Overall, SGLT2 inhibitors have demonstrated the most favourable cardiovascular and all-cause mortality outcomes. Indirect evidence showed overall superiority over DPP-4 inhibitors, which appears to be a class effect.16,17 However, superiority between GLP-1 RAs and SGLT2 inhibitors varies across different outcomes. SGLT2 inhibitors are superior in terms of mortality outcomes, yet protection against MACE was similar among GLP-1 RAs and SGLT2 inhibitors.16,17 Also, mortality benefits did not reach statistical significance in the CREDENCE and DECLARE-TIMI 58 trials.19,37 The CREDENCE trial was prematurely terminated because of overwhelming renal and cardiovascular benefits. A shortened follow-up period limited the power of the study to detect changes in mortality, if present. Besides the CREDENCE trial, other non-empagliflozin trials also failed to show significant changes.12,19 Trials of non-empagliflozin SGLT2 inhibitors investigating mortality endpoints are needed to fill in the evidence gap. The combination of RAAS and SGLT2 inhibitors should be advocated as concomitant inhibition appears to achieve better cardiovascular and renal outcomes.40
GLP-1 Receptor Agonists
The LEADER, HARMONY OUTCOMES and EXSCEL trials demonstrated the cardiovascular safety of GLP-1 RAs.13–15 Meta-analyses have reported favourable cardiovascular safety profiles for GLP-1 RAs, especially in MACE and nonfatal stroke events.16,17,45 Improvements in the composite kidney outcome were also detected.45 However, the benefits were less clear-cut in comparison with SGLT2 inhibitors and somewhat conflicting across trials. Discrepancies in mortality-related outcomes could be due to differences in follow-up periods and study population. Intraclass differences and variations in pharmacokinetics are also possible explanations.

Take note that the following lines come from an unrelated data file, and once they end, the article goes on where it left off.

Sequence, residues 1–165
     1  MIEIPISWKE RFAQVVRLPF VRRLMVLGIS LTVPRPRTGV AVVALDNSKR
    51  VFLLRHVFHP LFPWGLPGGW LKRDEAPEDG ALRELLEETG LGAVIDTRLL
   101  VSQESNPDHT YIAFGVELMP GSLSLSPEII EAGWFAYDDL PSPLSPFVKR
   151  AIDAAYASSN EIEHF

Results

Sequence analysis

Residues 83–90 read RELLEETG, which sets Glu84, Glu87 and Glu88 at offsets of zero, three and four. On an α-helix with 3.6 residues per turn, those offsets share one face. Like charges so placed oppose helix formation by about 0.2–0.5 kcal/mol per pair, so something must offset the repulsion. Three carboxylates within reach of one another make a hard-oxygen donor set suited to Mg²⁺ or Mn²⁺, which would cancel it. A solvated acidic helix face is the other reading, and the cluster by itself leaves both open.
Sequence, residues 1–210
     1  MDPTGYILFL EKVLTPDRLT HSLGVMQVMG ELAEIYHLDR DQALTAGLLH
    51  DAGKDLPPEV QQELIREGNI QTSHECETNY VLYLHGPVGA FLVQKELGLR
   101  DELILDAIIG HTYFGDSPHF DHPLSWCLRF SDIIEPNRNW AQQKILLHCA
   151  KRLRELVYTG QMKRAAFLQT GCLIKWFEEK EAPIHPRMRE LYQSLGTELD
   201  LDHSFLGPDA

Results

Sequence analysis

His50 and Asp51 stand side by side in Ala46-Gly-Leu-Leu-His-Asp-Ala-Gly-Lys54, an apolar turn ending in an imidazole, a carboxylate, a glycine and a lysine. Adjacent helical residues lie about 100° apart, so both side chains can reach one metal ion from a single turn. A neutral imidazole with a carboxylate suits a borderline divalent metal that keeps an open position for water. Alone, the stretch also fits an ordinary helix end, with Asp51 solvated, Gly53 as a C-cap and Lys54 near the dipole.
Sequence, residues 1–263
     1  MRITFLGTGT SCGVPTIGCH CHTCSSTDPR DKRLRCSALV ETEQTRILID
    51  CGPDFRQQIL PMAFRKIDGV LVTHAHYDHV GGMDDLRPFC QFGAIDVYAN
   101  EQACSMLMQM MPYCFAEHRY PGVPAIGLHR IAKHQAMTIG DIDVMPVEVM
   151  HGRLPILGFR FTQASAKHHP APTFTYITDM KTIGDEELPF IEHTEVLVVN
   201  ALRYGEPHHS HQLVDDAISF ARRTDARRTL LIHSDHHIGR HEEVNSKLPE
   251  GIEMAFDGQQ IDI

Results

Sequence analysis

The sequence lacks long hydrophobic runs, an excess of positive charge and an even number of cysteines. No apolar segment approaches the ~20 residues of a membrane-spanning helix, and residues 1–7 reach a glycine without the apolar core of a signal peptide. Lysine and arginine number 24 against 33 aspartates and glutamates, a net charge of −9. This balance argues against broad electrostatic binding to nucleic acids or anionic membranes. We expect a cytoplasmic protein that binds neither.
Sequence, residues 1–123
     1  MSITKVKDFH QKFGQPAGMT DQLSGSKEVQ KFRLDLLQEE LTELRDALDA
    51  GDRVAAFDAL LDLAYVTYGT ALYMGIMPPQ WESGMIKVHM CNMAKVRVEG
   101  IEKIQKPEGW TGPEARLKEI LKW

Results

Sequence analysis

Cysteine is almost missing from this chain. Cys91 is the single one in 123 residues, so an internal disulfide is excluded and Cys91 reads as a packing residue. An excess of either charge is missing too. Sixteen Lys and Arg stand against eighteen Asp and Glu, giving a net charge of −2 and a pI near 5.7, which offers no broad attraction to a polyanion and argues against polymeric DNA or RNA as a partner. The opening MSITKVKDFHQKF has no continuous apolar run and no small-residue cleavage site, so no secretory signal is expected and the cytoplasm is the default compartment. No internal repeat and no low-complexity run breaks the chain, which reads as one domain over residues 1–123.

Liraglutide, a long-acting GLP-1 RA, yielded favourable results in the LEADER trial.13 In addition to glycaemic control, slowing of atherosclerosis and anti-inflammatory actions also account for the benefits of GLP-1 agonism. The interaction between GLP-1 RAs and cardiac GLP-1 receptors has been suggested to improve myocardial ischaemia and protect cardiac progenitor cells.46 They also exert protective effects independent of GLP-1 receptors.6 Liraglutide has been reported to induce endothelial nitric oxide synthase via AMP-activated protein kinase signalling.6 Nitric oxide production improves coronary artery flow and endothelial dysfunction. Besides, GLP-1 RAs inhibit mitochondrial oxidative damage and attenuate reactive oxygen species production.47 Liraglutide has also been shown to suppress vascular cell adhesion molecule-1 expression in the endothelium.6 It also improves arterial stiffness and LV function, while reducing NT-proBNP levels, a biomarker for LV dysfunction.48 Vasodilatory and antioxidant actions could account for some of the antiatherogenic effects in GLP-1 RAs, therefore this drug class may be preferable in diabetic patients with predominant ASCVD risk.3